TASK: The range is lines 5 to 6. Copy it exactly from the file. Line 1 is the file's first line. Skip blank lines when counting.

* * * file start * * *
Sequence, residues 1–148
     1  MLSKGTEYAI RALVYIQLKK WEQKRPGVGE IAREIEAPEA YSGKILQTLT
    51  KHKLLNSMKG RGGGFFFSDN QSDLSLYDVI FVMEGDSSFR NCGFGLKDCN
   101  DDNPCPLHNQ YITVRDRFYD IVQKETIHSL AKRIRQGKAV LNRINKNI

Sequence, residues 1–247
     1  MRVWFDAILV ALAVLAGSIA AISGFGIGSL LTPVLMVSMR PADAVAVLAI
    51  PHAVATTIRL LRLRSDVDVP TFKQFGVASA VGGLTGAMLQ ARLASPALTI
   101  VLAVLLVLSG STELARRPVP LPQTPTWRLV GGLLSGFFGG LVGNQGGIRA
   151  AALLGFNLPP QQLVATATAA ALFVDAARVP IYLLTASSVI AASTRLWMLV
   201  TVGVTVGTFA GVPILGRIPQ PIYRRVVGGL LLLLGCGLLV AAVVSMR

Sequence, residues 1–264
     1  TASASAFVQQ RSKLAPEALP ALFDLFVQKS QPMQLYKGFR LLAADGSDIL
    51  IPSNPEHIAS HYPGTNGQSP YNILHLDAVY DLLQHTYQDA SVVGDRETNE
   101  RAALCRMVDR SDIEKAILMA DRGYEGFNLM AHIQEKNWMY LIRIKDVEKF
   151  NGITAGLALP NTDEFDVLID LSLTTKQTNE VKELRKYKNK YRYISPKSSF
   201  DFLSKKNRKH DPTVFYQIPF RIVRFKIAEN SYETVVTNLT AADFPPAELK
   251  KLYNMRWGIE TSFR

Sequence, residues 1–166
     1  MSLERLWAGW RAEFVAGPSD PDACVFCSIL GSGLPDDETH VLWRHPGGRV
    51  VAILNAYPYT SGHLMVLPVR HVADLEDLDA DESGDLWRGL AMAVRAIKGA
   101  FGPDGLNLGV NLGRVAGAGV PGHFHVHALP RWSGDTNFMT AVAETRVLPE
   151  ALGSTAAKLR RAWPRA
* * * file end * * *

Sequence, residues 1–247
     1  MRVWFDAILV ALAVLAGSIA AISGFGIGSL LTPVLMVSMR PADAVAVLAI